As we noted in our initial opinion in this case:
"The jury was instructed that it was to determine whether the
State had proved beyond a reasonable doubt that Varner was a
sexually violent person. The court's definition of a sexually
violent person tracked the language used in section 5(f) of the
Act (725 ILCS 207/5(f) (West 1998)). Specifically, the jury was
told that `[a] sexually violent person means a person who has been
convicted of a sexually violent offense and who is dangerous
because he or she suffers from a mental disorder that makes it
substantially probable that the person will engage in acts of
sexual violence.' The jury was further instructed that criminal
sexual assault constitutes a `sexually violent offense,' and it
was given the definition of `[m]ental disorder' set forth in
section 5(b) of the Act, namely, `a congenital or acquired
condition affecting the emotional or volitional capacity that
predisposes a person to engage in acts of sexual violence' (725
ILCS 207/5(b) (West 1998))." Varner, 198 Ill. 2d at 81-82.
The jury found that Varner was a sexually dangerous person. The circuit court then entered an order committing Varner to the custody of the Department for institutional care and treatment in a secure facility. See 725 ILCS 207/40(a), (b)(2) (West 1998).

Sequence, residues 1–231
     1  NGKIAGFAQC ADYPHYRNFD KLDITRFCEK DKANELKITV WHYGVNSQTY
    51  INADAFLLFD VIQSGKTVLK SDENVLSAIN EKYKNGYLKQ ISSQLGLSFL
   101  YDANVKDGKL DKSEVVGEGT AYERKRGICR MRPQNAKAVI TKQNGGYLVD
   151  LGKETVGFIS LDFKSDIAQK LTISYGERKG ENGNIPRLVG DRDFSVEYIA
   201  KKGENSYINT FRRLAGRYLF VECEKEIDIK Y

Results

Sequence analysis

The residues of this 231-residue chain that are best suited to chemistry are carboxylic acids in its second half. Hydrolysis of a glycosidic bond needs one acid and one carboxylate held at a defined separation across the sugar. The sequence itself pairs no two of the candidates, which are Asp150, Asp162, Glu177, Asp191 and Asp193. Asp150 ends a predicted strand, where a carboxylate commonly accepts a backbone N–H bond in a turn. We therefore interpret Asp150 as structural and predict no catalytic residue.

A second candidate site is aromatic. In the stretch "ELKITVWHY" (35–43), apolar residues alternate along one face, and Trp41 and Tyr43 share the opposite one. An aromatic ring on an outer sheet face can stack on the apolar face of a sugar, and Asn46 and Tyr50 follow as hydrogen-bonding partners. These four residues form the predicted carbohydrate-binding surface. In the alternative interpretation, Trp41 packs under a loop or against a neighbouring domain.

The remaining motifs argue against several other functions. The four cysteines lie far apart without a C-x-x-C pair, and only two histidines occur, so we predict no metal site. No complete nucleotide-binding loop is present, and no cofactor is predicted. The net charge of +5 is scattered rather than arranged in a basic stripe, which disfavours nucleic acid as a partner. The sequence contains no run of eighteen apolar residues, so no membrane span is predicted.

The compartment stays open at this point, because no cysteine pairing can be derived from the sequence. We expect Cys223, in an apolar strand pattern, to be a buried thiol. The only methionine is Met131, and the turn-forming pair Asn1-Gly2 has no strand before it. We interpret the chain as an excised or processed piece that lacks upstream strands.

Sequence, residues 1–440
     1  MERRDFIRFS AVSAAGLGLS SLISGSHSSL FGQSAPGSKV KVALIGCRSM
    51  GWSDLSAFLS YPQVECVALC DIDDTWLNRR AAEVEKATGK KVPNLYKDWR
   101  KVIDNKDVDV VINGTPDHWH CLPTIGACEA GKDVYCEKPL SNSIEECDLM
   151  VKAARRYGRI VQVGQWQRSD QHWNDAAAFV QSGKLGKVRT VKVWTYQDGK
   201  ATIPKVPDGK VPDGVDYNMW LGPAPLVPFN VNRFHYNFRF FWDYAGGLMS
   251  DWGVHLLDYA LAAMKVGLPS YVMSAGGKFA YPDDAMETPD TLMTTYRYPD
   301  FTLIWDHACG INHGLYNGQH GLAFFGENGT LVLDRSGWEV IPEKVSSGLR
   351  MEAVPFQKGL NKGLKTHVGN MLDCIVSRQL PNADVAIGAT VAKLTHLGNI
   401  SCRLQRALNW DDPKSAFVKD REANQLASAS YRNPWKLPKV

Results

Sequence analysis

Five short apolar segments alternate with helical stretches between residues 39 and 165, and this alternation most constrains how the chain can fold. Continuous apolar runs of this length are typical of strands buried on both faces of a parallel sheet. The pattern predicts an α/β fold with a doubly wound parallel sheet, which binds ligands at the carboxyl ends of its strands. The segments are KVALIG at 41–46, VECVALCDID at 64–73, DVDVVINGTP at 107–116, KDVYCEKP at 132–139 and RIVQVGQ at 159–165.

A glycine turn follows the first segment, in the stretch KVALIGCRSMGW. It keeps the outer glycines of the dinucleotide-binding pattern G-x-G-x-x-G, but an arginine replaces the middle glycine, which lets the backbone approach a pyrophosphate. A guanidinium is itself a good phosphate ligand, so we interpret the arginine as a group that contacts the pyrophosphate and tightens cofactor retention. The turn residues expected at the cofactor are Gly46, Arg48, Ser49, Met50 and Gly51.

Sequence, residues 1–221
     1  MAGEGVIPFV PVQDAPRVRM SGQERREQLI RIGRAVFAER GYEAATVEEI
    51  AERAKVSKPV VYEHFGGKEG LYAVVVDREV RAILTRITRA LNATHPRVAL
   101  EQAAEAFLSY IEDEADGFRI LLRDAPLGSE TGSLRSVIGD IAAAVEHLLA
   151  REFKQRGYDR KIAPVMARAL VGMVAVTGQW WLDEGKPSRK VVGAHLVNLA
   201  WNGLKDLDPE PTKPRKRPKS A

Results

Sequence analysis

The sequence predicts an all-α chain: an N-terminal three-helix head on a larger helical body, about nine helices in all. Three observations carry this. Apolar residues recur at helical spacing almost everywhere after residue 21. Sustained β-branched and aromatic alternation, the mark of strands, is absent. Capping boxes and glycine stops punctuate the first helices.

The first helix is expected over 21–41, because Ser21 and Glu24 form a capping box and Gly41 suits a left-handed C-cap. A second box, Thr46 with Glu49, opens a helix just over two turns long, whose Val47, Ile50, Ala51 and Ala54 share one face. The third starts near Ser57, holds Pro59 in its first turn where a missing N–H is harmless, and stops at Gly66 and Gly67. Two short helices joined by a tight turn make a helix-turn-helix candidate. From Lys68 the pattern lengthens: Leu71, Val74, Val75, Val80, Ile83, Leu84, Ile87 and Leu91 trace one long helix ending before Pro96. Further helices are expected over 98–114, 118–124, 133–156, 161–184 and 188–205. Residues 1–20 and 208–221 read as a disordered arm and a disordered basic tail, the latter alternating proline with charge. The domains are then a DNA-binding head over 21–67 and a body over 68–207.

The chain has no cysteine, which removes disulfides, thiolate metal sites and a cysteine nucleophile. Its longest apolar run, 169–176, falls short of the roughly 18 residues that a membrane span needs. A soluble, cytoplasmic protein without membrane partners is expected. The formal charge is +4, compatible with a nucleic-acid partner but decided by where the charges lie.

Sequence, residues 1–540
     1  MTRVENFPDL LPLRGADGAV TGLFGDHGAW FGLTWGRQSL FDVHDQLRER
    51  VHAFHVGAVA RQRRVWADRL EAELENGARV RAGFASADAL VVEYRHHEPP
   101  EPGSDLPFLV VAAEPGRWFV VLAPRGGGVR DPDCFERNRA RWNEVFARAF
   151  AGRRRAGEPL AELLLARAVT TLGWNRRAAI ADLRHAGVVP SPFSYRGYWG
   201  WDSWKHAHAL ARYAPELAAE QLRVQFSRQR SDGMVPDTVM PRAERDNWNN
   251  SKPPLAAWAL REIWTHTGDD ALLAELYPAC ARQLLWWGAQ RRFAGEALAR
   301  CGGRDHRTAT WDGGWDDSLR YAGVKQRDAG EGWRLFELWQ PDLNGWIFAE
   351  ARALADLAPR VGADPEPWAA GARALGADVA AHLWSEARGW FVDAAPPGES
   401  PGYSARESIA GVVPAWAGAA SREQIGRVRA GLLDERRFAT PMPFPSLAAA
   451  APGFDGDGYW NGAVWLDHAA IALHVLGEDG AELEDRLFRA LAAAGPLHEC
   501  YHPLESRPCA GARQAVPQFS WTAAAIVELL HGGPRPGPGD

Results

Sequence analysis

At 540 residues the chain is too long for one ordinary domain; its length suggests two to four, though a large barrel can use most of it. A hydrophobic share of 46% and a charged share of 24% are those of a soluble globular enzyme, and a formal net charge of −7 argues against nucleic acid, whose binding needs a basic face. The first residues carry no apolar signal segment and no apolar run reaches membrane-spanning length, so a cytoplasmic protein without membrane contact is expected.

In his appeal, Varner challenged the constitutionality of the Act on the grounds that it, inter alia, denies equal protection, violates the prohibitions against double jeopardy and ex post facto laws, deprives him of the right to waive a jury trial, and contravenes procedural and substantive due process guarantees. Following the appellate court's rejection of each of Varner's claims, Varner sought leave to appeal in this court, arguing only that Act violated substantive due process. We granted leave on that basis.
Before we begin our reconsideration of this matter, we believe it helpful to recount some of the analytical points we made in our previous opinion. We noted there that Varner contended that his commitment under the Act violates the principles of substantive due process because it occurred without a specific finding by the jury that he lacked volitional control over his sexually violent criminal behavior. We further noted that Varner's claim, i.e., that commitment is constitutionally permissible only where the defendant lacks volitional control over his sexually violent conduct, was based on the United States Supreme Court's decision in Kansas v. Hendricks, 521 U.S. 346, 138 L. Ed. 2d 501, 117 S. Ct. 2072 (1997). See Varner, 198 Ill. 2d at 83-85 ...